With the celebration of the Minnesota Twins’ 1987 World Championship this weekend, it’s high time to profile the players!
This weekend, the Minnesota Twins will be honoring the 1987 World Series championship team. As we get ready for that weekend, we at Puckett’s Pond want to highlight some of the best players and moments from that season.
The Twins have had a total of 13 managers in their franchise history since moving to Minnesota in 1961. No manager managed the Twins for longer, won more games at the helm of the Twins, nor experienced more success as the Twins manager than Tom Kelly, the man who was the manager of the 1987 Twins.
Kelly was an outfielder and first baseman originally born in Minnesota that was drafted by the Seattle Pilots in 1968 out of high school in New Jersey. He was released in April of 1971 by the now-Milwaukee Brewers, and was quickly picked up by the Minnesota Twins.
He worked his way up the minor league system with skills that likely would be more appreciated in today’s game, with a high OBP and good (albeit not great) power. He got his on major league cup of coffee in 1975 with the Twins, hitting .181/.262/.244 with a home run over 49 games.
After one season in AAA in the Baltimore Orioles organization, Kelly returned to Minnesota as a player-manager in 1977 of AAA Tacoma. After moving to Visalia for two seasons, Kelly moved up to Orlando for one season in 1982, managing many of the future stars he would manage on the 1987 Twins.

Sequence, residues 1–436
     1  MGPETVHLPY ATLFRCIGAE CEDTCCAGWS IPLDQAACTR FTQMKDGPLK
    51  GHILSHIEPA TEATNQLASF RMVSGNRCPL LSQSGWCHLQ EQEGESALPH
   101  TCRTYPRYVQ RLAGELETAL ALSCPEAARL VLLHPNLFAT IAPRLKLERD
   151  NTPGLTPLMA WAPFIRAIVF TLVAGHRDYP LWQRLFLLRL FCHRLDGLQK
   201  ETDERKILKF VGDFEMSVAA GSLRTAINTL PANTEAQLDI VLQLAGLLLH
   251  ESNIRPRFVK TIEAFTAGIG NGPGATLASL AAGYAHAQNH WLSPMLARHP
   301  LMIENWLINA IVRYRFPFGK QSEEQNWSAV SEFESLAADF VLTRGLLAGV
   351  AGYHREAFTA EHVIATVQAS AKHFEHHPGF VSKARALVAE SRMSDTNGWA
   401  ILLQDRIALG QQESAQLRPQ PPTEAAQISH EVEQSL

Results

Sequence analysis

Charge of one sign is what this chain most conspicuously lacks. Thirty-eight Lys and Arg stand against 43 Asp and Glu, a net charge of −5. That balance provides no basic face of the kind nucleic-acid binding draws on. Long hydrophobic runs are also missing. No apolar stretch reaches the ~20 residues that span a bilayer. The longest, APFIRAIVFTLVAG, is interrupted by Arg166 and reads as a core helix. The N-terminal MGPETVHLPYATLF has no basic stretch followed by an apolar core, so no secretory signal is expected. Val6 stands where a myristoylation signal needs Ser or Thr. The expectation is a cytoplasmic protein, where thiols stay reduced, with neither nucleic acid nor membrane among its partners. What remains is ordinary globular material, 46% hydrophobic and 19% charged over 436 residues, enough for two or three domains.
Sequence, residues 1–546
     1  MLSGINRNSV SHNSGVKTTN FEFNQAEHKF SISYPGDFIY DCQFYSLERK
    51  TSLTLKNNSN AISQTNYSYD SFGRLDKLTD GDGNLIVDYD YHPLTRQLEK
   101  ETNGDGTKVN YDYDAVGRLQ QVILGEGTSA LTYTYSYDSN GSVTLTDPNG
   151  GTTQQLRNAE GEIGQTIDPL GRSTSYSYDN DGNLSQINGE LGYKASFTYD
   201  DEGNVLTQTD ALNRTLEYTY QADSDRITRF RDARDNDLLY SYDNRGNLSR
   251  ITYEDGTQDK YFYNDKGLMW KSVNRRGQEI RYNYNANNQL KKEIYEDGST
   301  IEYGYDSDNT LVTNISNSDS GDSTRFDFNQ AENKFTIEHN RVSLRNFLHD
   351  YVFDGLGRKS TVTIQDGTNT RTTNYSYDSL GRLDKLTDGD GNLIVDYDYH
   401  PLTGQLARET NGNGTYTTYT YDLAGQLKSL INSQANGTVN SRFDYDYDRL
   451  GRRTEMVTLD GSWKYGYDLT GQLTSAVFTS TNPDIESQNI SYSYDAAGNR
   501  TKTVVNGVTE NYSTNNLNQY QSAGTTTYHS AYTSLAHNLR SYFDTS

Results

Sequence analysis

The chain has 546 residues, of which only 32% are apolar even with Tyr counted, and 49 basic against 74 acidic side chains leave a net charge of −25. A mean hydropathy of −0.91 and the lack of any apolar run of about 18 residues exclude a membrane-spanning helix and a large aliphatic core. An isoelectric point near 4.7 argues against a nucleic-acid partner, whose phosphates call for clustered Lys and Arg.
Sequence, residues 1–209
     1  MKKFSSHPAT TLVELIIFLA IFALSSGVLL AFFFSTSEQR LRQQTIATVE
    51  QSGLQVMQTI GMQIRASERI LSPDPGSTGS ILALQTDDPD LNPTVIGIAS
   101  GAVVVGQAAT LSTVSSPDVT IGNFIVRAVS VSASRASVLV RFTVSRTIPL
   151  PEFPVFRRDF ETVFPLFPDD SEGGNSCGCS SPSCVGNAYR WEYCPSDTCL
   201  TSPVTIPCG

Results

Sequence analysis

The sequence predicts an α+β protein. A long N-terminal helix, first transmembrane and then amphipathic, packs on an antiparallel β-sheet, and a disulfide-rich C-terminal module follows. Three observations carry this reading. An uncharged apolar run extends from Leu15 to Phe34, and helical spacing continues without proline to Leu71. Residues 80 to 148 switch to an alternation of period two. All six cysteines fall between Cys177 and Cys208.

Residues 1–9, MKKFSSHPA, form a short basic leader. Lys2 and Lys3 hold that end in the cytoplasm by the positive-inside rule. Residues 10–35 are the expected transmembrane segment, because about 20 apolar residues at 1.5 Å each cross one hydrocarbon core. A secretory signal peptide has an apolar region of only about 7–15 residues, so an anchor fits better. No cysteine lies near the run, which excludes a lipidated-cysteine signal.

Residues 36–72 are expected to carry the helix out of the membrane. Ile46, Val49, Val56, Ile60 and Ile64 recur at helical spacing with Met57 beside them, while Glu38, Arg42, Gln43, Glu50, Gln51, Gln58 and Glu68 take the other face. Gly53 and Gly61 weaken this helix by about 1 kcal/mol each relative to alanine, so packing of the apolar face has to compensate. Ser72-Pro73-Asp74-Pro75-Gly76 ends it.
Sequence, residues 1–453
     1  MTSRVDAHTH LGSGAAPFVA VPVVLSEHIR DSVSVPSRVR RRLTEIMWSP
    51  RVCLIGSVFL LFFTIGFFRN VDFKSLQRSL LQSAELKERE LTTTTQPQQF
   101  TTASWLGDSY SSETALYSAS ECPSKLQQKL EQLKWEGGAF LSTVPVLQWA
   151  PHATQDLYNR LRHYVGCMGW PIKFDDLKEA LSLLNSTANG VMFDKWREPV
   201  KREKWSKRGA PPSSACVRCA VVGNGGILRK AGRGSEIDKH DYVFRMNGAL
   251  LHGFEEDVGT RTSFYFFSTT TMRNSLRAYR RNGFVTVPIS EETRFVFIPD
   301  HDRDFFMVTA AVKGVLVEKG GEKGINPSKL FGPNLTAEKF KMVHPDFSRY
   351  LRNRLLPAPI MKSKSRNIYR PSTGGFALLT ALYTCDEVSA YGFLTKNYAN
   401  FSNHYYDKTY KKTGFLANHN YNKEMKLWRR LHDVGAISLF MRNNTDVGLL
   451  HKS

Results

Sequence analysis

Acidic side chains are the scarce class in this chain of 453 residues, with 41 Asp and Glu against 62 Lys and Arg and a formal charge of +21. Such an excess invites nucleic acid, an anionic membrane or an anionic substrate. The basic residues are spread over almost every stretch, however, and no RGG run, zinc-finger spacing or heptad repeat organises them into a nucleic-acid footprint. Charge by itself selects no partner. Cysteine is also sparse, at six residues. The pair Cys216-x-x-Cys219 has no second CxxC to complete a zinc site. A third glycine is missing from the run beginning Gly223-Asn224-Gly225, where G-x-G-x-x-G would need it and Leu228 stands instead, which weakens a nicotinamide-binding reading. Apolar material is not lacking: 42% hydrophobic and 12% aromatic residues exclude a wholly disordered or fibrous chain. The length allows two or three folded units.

Kelly was added to the Minnesota Twins coaching staff in 1983, and in 1986, when manager Ray Miller was fired, Tom took over.
1987 was Kelly’s first full season as manager with the Twins. However, it was not his first season managing his players.
He had managed Greg Gagne in 1982 with Orlando. He had managed Tim Laudner in Visalia in 1980. He also managed Sal Butera in his first managerial gig, in 1977 with Tacoma, when he was just two years older than Butera.
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Kelly had worked on the bench with the Twins as a number of guys established themselves in the mid-1980s, so he had an established repertoire with the team as the 1987 season began. The Twins did make it to the playoffs with a less-than-stellar record. In fact, the Twins’ .525 regular season winning percentage would be the lowest for a future World Series champion until the 2006 St. Louis Cardinals had an even lower percentage.
Kelly set up the team well to maximize the Metrodome, and he threw his best guys in the park, knowing his team would be able to hit in the stadium and the Cardinals would not be used to the sound/roof/turf of the Metrodome.
The Twins announced that Kelly was resigning after the 2001 season. In later interviews, Kelly discussed burnout and the threat of contraction as reasons that he felt that was the right time to leave. Ron Gardenhire took over as manager and reaped the benefits of the young club that Kelly left behind, winning division championships in 2002, 2003, and 2004 primarily with that same group that Kelly left behind in 2001.
Kelly had his #10 retired by the Twins in 2012. Friday night, the team revealed a statue in honor of Kelly outside of Target field.
Excited for the anniversary weekend?! Who should we profile next? Let us know in the comments!